The Package (1989) – Review

2 Stars

Is there anybody who uses Chicago locations better than Andrew Davis? Perhaps, fellow Chicagoan Peter Hyams. But otherwise the list is short. Davis once again sets an action thriller in his home city, The Package, although the obvious location could have been Dallas. Particularly, because this story uses the Oswald patsy theory as a narrative set-up for its plot. The Package is an oddly constructed movie that keeps making attempts to become a better film, but ultimately settles on average.

Army sergeant Johnny Gallagher (Gene Hackman) thinks he’s been given a routine assignment. He’s to escort a rebellious solider, Thomas Boyette (Tommy Lee Jones) from a base in Europe to the U.S. for a court-martial. Gallagher soon discovers that the assignment is anything but routine. Boyette makes a daring escape and pursed all across the country. Along the trail, Gallagher discovers a military conspiracy to assassinate the President of American and Russia.

Andrew Davis would score box-office and critical acclaim with his next two pictures, Under Siege and The Fugitive, the latter of which garnered him an Oscar nomination for Best Director. The Davis film cannon is lousy with gems, and even the failures are watchable compared to the B-side movies that most big-time directors produce. This paring of Hackman and Tommy Lee Jones should have amounted to more. We keep waiting for the titans of acting to have more encounters, but their interaction is limited to two scenes. The Package is competently made, intelligently written, and acted with the seriousness needed fort he material. Too bad it doesn’t amount to much excitement or interest when played out.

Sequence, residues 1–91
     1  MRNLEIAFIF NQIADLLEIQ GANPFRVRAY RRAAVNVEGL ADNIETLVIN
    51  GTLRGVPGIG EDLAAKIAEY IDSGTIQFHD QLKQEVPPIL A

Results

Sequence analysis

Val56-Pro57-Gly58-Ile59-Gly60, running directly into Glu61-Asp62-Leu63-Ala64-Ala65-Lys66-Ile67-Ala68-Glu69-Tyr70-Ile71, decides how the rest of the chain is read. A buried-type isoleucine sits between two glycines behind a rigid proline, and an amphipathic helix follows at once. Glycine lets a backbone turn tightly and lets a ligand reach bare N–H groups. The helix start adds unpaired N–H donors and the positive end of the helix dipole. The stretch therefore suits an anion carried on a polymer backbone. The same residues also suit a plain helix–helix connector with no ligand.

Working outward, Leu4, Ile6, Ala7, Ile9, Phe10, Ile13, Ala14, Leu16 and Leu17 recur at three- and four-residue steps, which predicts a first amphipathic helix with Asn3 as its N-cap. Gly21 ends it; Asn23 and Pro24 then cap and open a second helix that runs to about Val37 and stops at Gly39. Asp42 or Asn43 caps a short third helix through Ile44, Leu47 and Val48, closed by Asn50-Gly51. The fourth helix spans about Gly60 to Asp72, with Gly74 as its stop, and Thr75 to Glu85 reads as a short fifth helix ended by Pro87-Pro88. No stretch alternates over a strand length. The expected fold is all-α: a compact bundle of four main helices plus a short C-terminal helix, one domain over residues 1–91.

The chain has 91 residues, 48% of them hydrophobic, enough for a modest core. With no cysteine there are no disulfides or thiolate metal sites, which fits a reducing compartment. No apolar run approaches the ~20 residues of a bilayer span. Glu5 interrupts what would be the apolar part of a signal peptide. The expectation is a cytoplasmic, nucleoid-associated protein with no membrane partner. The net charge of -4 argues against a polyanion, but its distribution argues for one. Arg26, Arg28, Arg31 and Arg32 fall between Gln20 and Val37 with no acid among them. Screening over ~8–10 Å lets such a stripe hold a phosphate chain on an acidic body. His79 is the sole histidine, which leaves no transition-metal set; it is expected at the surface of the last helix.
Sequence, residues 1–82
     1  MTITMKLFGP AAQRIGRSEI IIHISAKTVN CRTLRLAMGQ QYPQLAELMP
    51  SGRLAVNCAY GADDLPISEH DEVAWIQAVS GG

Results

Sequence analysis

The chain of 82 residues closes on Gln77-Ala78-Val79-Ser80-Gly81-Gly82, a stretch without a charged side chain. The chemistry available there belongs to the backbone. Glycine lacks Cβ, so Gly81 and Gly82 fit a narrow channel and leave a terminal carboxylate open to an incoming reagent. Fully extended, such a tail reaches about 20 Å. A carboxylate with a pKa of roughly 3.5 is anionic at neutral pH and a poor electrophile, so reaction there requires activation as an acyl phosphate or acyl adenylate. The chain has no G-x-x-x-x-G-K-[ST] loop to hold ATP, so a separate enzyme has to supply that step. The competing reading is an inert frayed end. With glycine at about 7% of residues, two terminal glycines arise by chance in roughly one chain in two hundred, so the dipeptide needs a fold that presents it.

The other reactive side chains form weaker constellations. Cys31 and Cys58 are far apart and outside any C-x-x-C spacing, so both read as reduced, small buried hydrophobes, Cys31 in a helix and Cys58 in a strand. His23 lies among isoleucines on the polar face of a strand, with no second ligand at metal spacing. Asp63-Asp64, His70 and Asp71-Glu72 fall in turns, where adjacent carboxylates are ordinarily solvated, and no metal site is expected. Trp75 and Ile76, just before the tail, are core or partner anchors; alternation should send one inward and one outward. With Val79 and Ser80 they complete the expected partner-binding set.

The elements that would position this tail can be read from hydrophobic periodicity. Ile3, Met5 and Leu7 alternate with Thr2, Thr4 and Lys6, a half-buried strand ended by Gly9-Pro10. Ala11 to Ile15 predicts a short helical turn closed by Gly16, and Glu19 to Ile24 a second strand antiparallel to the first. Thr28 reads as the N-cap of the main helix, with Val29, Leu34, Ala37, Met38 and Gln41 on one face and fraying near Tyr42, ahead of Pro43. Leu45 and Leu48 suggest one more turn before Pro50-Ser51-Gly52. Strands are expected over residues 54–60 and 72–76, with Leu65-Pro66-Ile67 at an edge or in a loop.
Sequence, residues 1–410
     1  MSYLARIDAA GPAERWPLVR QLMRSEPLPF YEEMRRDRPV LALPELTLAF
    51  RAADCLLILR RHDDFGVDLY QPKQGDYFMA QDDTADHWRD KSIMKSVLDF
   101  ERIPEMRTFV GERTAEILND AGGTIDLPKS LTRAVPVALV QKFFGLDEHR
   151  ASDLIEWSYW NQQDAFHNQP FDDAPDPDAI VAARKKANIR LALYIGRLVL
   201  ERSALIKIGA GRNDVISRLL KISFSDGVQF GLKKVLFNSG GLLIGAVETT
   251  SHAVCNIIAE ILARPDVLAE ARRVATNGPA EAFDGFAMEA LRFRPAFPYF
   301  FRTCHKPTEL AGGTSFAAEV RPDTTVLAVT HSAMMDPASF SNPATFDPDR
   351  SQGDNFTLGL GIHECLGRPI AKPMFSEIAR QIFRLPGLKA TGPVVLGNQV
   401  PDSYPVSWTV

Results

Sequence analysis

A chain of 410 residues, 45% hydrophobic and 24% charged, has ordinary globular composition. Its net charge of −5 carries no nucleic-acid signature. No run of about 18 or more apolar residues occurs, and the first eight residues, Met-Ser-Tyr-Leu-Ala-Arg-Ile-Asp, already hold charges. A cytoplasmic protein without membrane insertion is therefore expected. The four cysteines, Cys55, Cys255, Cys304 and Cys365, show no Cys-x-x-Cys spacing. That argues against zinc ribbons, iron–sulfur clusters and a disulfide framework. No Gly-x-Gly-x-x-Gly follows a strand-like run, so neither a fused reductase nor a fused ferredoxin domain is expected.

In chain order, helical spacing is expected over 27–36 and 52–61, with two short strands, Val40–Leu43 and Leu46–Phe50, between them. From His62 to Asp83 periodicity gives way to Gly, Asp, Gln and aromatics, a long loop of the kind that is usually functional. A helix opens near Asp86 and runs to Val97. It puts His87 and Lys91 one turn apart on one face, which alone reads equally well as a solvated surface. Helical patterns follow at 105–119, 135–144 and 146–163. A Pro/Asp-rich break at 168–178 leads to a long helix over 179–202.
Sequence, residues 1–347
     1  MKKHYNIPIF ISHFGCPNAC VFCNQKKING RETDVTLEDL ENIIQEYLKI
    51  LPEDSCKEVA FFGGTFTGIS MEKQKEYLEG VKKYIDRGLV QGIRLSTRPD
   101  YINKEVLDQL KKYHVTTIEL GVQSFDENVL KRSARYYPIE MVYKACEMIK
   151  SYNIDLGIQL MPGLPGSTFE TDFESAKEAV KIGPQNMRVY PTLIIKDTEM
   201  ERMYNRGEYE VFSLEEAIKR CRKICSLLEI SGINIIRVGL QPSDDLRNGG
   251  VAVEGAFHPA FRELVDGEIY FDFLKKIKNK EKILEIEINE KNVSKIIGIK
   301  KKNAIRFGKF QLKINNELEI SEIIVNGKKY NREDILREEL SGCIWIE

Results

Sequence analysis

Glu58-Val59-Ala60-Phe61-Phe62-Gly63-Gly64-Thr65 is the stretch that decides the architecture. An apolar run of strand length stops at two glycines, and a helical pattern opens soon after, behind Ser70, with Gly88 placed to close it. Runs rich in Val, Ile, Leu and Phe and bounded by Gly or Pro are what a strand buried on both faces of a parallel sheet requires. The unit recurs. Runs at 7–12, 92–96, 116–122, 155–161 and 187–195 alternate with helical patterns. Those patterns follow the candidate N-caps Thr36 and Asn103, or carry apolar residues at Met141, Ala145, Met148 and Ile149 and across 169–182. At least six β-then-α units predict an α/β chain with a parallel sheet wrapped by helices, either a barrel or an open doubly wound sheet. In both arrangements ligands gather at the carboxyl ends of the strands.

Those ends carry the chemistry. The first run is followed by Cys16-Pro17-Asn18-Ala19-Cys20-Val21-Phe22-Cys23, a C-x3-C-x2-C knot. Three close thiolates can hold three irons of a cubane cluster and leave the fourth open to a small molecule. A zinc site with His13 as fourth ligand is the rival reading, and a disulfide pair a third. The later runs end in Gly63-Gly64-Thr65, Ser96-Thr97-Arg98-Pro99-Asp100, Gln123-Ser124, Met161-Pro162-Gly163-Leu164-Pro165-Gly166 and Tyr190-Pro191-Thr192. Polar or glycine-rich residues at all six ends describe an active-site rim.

Director: Andrew Davis
Stars: Gene Hackman, Tommy Lee Jones, John Heard

Leave a Reply

Your email address will not be published. Required fields are marked *